Apples are a hit with almost all parrots all over the world. Many parrot owners have found out that their pet birds enjoy eating apples so much, that they normally pick them out of other fruit or vegetable mixes to eat first. After all, they are crunchy, sweet, and juicy – in terms of the overall experience of eating them, it must be something very enjoyable for parrots!
THE VERDICT: Can parrots eat apples? YES, parrots can eat apples but not the seeds, and you’ll have to be mindful of the peels as well. Read why below!
- Nutritional Benefits of Apples
- Nutritional Content of Apples
- Are Apples Toxic for Parrots?
- How To Feed Apples To My Parrots?
- Can Parrots Eat Apple Peels and Skin?
- Can Parrots Eat Apple Seeds?
- My Parrot Has Eaten Apple Seeds, What Do I Do?
- Can Baby Parrots Eat Apples?
- Final Notes
Nutritional Benefits of Apples
Apples are an excellent source of vitamins, water, minerals, and antioxidants that are essential for your bird’s general well-being. Apples are also low in calories, making them a perfect treat for your feathered friend.
Apples contain the following nutrients:
Apples contain vitamin A, which mainly promotes your bird’s eyesight, and promotes overall growth and tissue repair in the body. Vitamin A is also responsible for enhancing healthy skin and feathers in parrots. It’s very important that your parrot gets a daily intake of vitamin A.
Apples are a good source of vitamin C, a nutrient that is very essential in parrots. Vitamin C boosts the parrot’s immune system, especially when it is sick. It also enables parrots to deal with stress by maintaining normal physiological needs and metabolic processes.
That’s why you find parrots engaging in excessive preening whenever they don’t get enough of vitamin C. Supplement vitamin C if you find your parrots engaging in these destructive behaviors. Of course, there might be other health problems that can cause your parrot to preen too much.
Apples are packed with fiber, which enhances digestion in parrots. It helps prevent constipation and loose stools in your bird. Besides, soluble fiber also controls the level of cholesterol and blood sugar in a parrot’s body.
The antioxidants present in apples protect parrots against cell damage caused by free radicals. They play a major role in protecting your birds from heart diseases, cancer among others. They do so by neutralizing the free radicals.
Apples are loaded with magnesium that is responsible for the following:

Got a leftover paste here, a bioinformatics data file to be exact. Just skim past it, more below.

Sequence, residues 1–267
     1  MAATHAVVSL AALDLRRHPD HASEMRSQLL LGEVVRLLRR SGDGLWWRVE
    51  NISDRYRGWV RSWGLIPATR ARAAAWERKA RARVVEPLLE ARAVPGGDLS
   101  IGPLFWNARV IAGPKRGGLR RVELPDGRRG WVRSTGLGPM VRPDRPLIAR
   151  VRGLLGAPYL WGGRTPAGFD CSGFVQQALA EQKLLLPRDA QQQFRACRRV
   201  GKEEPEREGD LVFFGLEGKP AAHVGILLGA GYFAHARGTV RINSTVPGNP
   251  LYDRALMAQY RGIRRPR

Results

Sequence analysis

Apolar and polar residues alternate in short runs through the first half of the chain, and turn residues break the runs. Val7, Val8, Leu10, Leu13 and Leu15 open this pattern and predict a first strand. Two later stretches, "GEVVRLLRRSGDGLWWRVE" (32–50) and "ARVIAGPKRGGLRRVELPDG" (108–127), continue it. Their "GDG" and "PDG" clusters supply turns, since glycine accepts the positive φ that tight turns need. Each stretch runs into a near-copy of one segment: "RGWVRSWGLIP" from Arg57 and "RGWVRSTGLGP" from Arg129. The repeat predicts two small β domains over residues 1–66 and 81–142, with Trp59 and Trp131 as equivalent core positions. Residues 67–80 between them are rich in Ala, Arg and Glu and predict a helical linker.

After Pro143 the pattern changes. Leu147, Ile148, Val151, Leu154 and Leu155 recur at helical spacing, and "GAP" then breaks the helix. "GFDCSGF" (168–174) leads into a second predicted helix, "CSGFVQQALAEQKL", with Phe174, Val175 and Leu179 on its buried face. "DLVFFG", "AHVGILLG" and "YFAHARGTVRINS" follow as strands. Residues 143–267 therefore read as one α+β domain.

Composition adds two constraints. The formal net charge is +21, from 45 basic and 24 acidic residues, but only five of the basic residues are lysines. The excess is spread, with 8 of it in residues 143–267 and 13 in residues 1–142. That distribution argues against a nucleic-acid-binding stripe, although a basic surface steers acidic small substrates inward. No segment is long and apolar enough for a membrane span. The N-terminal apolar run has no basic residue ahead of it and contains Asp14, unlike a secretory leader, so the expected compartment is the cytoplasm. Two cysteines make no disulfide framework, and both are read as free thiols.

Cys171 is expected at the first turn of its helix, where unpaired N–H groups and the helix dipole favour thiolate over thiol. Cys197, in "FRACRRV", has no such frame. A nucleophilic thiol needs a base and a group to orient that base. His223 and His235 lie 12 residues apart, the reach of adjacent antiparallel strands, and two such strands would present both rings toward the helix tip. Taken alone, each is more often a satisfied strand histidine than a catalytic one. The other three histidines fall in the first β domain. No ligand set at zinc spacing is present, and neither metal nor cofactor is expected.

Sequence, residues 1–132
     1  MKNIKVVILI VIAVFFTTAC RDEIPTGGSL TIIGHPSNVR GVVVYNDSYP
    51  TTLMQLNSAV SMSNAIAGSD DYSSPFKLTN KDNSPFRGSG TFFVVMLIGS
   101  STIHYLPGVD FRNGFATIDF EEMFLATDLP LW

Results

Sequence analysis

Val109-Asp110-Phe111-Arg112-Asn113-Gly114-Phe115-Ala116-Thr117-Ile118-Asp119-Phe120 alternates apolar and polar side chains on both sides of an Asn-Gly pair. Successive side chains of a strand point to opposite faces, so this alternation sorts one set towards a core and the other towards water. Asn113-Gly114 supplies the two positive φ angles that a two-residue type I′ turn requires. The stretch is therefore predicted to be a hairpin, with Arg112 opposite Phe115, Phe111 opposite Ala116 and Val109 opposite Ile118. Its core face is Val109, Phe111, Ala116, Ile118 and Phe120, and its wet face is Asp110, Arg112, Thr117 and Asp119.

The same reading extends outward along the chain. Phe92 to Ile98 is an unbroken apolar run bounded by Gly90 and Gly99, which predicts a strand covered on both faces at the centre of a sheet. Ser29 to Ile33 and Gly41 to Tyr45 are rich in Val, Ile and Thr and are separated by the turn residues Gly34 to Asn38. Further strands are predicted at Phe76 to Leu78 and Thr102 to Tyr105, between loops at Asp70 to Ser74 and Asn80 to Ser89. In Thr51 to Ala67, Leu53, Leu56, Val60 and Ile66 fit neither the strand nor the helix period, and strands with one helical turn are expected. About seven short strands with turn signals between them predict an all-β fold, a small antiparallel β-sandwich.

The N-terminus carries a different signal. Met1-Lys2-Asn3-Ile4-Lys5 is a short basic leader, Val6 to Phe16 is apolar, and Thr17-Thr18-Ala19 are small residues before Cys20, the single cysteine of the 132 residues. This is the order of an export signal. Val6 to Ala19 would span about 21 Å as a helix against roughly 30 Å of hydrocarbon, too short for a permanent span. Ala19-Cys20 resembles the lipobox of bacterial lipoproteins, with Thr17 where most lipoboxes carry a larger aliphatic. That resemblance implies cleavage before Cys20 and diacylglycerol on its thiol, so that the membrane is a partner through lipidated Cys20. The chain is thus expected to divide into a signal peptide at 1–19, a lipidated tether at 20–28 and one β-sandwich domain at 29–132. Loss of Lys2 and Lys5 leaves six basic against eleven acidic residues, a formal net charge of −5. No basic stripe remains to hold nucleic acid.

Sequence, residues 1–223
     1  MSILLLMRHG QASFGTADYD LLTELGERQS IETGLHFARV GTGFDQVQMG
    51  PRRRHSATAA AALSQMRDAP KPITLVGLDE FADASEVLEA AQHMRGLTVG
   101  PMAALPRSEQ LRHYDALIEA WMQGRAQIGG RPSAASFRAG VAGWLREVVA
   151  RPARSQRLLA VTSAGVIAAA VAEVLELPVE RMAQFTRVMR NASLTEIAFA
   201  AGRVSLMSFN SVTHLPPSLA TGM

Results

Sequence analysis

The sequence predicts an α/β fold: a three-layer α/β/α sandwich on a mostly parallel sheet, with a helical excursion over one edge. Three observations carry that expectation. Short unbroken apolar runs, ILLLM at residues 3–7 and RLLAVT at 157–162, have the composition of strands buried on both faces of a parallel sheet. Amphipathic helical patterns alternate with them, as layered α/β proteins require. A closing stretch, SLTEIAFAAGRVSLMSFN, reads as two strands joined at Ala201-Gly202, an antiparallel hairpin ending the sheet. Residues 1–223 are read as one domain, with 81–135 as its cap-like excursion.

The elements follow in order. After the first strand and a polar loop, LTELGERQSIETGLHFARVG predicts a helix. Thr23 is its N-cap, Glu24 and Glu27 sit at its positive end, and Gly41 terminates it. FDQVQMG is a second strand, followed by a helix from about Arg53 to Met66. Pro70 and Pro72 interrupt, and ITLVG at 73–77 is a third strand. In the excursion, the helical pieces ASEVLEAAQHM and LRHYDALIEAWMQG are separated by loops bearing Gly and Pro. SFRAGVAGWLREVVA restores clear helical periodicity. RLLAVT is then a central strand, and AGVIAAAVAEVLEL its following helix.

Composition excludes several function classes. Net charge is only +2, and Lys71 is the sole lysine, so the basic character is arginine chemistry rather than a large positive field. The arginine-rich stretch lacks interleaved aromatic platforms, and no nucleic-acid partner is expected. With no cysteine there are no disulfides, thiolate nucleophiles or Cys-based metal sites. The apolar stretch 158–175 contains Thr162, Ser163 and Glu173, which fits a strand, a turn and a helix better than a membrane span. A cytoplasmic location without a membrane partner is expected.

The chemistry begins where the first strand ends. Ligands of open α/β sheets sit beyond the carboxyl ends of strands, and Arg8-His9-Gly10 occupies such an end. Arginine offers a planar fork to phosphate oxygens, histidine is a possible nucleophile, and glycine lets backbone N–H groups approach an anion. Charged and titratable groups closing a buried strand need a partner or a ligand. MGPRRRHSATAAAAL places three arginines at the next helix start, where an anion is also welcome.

- Enhances normal functioning of the nerves and muscles
- Promotes heart health
- Regulates blood pressure
- Control blood glucose
- Production of energy
Therefore, magnesium plays a key role in a parrot’s health.
Potassium that is present in apples enhances the metabolism of protein and glucose in parrots. Potassium also promotes a healthy nervous system and ensures that your parrot stays active always.
Nutritional Content of Apples
A 100g of apples contain the following nutrients:
- Vitamin C: 6 mg
- Vitamin A: 2 mcg
- Carbohydrates: 11.6 g
- Proteins: 0.3 g
- Potassium:107 mg
- Magnesium: 1%
- Water: 86%
- Fats: 0.2 g
- Calories: 52
- Sodium: 1 mg
- Fiber: 2.4 g
- Sugar: 10 g
- Cholesterol: 0mg
Are Apples Toxic for Parrots?
Apples are safe for parrots to eat. They generally do not contain any harmful elements that could harm your bird, except for their seeds, which contain a toxic substance known as cyanide. Apple peels might contain pesticides if not properly washed as well. But as we all know, too much of a good thing may potentially harm your parrot. Apples, like many other fruits, contain a high amount of sugar, and it is usually advised that fruits do not make up an excessive portion of your bird’s diet.
So, as much as we would like to please our feathered friends by feeding them as many apples as they want, we should always remember to offer them in moderation to avoid potential health problems.
How To Feed Apples To My Parrots?
Buy organic apples because they are free of pesticides. Wash the apples thoroughly, and slice them into smaller pieces. You may have to peel the skin if the apples are not organic, or wash it thoroughly. Remove the seeds.